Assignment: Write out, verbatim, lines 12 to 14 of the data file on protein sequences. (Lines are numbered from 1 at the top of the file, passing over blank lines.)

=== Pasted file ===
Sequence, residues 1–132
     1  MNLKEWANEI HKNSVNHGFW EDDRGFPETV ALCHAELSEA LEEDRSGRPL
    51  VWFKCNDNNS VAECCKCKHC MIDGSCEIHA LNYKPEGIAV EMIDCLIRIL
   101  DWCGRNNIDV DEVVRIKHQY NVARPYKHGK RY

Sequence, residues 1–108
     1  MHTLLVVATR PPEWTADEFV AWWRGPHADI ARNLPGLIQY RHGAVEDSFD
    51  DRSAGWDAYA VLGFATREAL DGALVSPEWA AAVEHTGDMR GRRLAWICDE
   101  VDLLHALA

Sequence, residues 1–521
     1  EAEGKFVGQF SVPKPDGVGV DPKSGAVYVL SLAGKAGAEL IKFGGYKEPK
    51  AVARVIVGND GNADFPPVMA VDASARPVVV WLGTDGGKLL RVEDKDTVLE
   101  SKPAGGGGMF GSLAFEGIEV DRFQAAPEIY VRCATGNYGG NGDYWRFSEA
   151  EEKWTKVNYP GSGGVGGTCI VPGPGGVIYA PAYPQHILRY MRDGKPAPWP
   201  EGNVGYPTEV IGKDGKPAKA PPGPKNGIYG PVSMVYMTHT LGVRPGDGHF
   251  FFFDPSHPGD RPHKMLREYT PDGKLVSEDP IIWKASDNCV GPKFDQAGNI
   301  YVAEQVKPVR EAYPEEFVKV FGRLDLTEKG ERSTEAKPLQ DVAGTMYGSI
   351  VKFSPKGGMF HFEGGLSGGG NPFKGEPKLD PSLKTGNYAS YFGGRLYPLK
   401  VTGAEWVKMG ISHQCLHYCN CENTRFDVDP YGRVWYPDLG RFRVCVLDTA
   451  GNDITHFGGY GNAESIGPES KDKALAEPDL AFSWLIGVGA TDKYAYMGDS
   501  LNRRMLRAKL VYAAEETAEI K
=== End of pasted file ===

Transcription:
   101  SKPAGGGGMF GSLAFEGIEV DRFQAAPEIY VRCATGNYGG NGDYWRFSEA
   151  EEKWTKVNYP GSGGVGGTCI VPGPGGVIYA PAYPQHILRY MRDGKPAPWP
   201  EGNVGYPTEV IGKDGKPAKA PPGPKNGIYG PVSMVYMTHT LGVRPGDGHF